Broadsheet Coffee Roasters open in Cambridge in July. / Photos providedA new coffee roasting company is getting ready to fuel a residential area of Cambridge with Mediterranean-inflected breakfast and lunch, outdoor seating, and already-award-winning roasts. Broadsheet Coffee Roasters is on track to open just after the Fourth of July, says owner Aaron MacDougall.MacDougall started roasting coffee as a hobby about five years ago, and recently returned from a trip touring plantations in Honduras after placing first in Genuine Origins Roast and Go competition. Barista competitions like that, and others that he and Broadsheet’s beverage director and retail manager, Wolf Marnell, have taken on, are a creative outlet for the coffee connoisseurs, MacDougall says.So are aspects of the Broadsheet menu. The shop will offer Colombian, Ethiopian, and Peruvian coffees roasted on a stainless steel, 15-kilogram Loring roaster inside the Cambridge shop, as well as a range of “Barista specials.” Expect uncommon drinks like an espresso tonic, made with a house-made shrub tonic, a Dark n’ Stormy, with espresso and ginger beer; and other rotating coffee mocktails, says Marnell. The barista previously worked for Pavement and its predecessor, Espresso Royale.Marnell is also collaborating with fellow Cambridge company Curio Spice on a light and peppery chai blend with coriander, white pepper, and saffron. Other teas are sourced from Song Tea in San Francisco, and local herb provider Mem Tea. The menu will eventually feature some tea-based mocktails, too; fruity shrubs, iced teas, iced coffee, and nitro iced coffee, poured from a sparkling new Modern Draught-installed system, will be available at the outset.Chef Darine Flefel Hazboun is providing the expertise for a unique food program. An alum of the Loading Dock in Belmont, she’ll bring a variety of creative baked goods to Broadsheet, including vegan and gluten-free options. Middle Eastern influence permeates her breakfast and lunch menus, including a Georgian feta-mozzarella-filled bread boat with spinach and zhug hot sauce; and quinoa beef kibbeh with a beet-tahini sauce and spring salad. Weekend brunch will offer some less traditional, American-style plates, like a potato waffle with smoked salmon, capers, and labne. Check out the opening menus below.The bright space, a former convenience store next door to Savenor’s Market and across the street from Kirkland Tap & Trotter, has about 40 seats inside. Broadsheet was also approved for about a dozen seats outside on Kirkland Street. Big windows let ample light wash over a marble and walnut coffee counter, and bright neon lights, including a sleeping happy face alight when the shop is closed, make the modern facade a little whimsical.Broadsheet will softly open with baked goods and coffee, while the full menu offerings will ramp up over the course of a few days, MacDougall says. The grand opening will be Wednesday, July 5.Broadsheet Coffee Roasters, opening in July at 100 Kirkland St., Cambridge, broadsheetcoffee.com.Click to view larger.Click to view larger. Sign up for The Feed. The latest on the city’s restaurants scene.* 6/28/2017, 3:18 p.m. Broadsheet Coffee Roasters Is Getting Ready to Open in Cambridge Take a look at the breakfast and lunch menus that will land in July. 000 Print By Jacqueline Cain· Devoted foodies and restaurant newbies love The Feed. Sign-up now for our twice weekly newsletter.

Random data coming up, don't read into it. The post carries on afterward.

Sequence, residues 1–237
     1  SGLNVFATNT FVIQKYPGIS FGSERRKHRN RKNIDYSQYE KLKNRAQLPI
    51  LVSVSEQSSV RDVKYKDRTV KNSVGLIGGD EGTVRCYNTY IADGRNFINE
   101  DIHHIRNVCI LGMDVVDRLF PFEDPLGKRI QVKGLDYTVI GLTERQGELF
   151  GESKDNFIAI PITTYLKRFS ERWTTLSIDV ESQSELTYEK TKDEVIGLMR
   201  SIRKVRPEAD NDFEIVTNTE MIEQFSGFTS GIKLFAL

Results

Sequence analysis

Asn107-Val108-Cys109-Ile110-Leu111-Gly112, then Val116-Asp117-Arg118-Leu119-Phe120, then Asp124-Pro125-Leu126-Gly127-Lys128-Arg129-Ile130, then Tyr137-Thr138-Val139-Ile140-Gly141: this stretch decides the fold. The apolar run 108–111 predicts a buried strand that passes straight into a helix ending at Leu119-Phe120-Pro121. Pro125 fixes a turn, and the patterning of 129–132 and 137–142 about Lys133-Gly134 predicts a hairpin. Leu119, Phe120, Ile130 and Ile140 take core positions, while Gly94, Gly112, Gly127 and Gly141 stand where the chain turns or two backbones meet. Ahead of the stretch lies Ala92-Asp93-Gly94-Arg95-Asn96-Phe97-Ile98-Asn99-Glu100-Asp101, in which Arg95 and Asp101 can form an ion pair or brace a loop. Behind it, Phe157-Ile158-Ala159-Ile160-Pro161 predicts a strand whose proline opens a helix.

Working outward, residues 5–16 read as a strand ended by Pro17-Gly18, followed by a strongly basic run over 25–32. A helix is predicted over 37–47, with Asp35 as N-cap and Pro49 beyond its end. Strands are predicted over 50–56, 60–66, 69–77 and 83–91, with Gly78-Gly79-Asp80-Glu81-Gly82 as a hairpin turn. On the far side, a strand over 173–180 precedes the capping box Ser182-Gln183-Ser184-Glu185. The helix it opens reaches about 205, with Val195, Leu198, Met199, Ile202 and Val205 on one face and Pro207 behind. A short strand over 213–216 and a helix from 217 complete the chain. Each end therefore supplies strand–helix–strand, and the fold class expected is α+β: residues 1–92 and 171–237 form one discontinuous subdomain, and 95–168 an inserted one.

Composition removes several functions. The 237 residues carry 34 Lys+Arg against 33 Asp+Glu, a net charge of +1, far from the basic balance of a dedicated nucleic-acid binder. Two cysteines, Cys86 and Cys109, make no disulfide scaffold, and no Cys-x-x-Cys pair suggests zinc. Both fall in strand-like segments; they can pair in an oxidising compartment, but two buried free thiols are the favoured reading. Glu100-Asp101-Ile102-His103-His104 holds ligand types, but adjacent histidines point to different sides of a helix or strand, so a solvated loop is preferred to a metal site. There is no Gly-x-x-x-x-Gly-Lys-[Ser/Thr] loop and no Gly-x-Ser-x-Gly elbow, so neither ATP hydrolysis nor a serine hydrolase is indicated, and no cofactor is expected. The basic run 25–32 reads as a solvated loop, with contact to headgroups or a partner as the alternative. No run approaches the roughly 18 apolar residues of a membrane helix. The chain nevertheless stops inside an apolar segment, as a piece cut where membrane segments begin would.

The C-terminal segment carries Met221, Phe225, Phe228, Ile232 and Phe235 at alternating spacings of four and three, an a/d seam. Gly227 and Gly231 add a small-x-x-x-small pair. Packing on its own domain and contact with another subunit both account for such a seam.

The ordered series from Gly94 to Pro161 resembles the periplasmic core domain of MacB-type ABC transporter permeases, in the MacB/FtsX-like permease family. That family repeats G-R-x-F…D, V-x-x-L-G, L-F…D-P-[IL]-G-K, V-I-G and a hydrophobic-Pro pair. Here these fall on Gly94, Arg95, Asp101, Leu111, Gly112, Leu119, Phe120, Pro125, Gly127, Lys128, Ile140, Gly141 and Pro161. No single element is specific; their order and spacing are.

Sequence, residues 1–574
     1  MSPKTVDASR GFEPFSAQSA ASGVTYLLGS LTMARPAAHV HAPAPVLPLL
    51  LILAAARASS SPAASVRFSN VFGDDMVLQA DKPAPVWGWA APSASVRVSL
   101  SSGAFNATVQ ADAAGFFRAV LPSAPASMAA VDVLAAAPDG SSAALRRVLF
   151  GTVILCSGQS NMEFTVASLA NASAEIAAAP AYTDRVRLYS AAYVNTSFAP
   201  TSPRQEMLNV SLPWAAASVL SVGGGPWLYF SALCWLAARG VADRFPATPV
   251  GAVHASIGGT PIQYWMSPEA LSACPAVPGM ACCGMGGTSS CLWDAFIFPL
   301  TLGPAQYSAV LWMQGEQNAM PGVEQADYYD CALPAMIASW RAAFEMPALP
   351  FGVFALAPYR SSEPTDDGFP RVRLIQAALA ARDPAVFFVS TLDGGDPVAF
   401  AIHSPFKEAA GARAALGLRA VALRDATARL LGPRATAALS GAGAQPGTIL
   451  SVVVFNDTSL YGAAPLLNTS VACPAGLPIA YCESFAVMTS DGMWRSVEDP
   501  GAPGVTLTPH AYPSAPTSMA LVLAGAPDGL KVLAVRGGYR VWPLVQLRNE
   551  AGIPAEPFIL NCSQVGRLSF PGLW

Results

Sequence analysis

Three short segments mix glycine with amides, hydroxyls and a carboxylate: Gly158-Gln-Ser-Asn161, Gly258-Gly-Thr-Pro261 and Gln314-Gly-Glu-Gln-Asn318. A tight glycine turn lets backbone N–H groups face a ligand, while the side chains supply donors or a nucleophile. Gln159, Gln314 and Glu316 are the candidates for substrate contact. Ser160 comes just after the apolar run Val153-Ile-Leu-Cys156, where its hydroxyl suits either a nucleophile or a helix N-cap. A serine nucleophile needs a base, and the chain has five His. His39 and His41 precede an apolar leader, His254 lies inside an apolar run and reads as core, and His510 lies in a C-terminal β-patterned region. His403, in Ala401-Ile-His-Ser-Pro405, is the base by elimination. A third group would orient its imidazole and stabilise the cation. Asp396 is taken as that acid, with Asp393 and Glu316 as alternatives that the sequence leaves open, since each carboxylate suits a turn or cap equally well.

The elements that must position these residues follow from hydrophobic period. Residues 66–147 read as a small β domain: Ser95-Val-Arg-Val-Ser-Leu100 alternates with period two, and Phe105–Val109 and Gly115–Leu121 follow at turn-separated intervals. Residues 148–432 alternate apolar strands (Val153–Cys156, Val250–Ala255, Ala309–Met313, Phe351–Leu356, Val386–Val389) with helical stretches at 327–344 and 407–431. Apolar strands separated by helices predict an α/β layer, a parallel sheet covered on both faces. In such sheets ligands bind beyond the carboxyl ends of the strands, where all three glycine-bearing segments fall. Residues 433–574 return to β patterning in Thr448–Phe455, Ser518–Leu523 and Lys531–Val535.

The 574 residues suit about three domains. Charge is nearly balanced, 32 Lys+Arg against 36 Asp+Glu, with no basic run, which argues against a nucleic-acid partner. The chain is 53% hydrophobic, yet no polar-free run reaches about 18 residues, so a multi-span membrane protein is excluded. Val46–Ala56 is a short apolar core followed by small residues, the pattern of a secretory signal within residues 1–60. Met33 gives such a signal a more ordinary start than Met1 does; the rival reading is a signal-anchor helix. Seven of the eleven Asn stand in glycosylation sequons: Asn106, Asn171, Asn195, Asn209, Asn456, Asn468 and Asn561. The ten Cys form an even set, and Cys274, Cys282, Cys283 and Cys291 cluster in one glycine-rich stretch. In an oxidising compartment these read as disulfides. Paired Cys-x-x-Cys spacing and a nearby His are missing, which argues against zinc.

By Jamie Ducharme· Welcome to our Ask the Expert series, in which our panel of health experts answers your wellness questions. Here, trainer Parker Cote tells you how to get lean, defined muscles. Got a question of your own? Email email@example.com.Photo via istock.com/gpointstudioQuestion: To achieve lean and defined muscles, do I need a supplement or a shake after or before working out? I work out five days a week (HIIT, spinning, cardio and weights, yoga sculpt) but I am not able to get my body to be nicely defined. What should I be doing differently?—A.S., BostonAnswer:While it doesn’t have to be in the form of a supplement or shake, you should be getting protein after a workout if you want to gain muscle, Cote says.“When you’re working out, the fibers in your muscles are ripping apart,” he explains. “If you just go home and sit on the couch and maybe have dinner a few hours later, your muscles are screaming.”Giving them what they want—fast-digesting carbohydrates and protein—shortly after exercising helps you refuel, recover, and build more muscle. Liquids, like a whey protein shake or chocolate milk, can be a convenient and easily digestible way to get these nutrients, but solid food works, too. Bread and white rice are examples of fast-digesting carbs, while protein can be found in meats, dairy products, nuts and nut butters, tofu, and so on.It’s also smart to eat a meal incorporating slow-digesting carbs—think brown rice, whole grains, and sweet potatoes—and protein two to three hours before a workout, Cote adds. “You just want something that’s going to give you good, clean energy for a workout,” he says.What you eat is only half the battle, though. Cote says it’s also worth reevaluating what you do at the gym—namely prioritizing strength-training before cardio.“Less is more sometimes,” he says. “Me, personally, I don’t do cardio more than three times a week.”To get that coveted, defined look, Cote recommends swapping one cardio workout per week for another day of resistance training, using either weights or your own bodyweight. If you are using weights, upping the pounds over time will also help build muscle.“Periodization—increasing the resistance, or just changing the exercises around—could definitely help you improve,” Cote says. “You have to switch it up.” Read all about the latest gym openings, healthy events, and fitness trends in our twice weekly Wellness newsletter. Sign up for Health & Wellness newsletters. Everything you need to stay healthy and fit.* 7/12/2017, 10:10 a.m. 000 Fitness Ask the Expert: Why Can’t I Get Muscle Definition? Fitness guru Parker Cote offers a crash course in getting lean, defined muscles. Print About the Expert: Parker Cote is a personal trainer and the owner of Parker Cote Elite Fitness. As a fitness model, Parker has appeared on 24 magazine covers across the globe. He has also been featured in more than 250 magazines including Men’s Health, Men’s Fitness, GQ, Cosmopolitan, ESPN, and Maxim, and on the Today Show with Kathie Lee and Hoda. He is a writer and fitness expert for Men’s Fitness, and has written dozens of articles for major fitness publications worldwide.He is passionate about teaching clients how to make fitness a fun part of their lives. His goal as a trainer is to help people experience the benefits of a fit and healthy lifestyle while maintaining balance in all aspects of life. He has certifications from the National Academy of Sports Medicine and the International Sports Sciences Association.Got a question for our experts? Email firstname.lastname@example.org.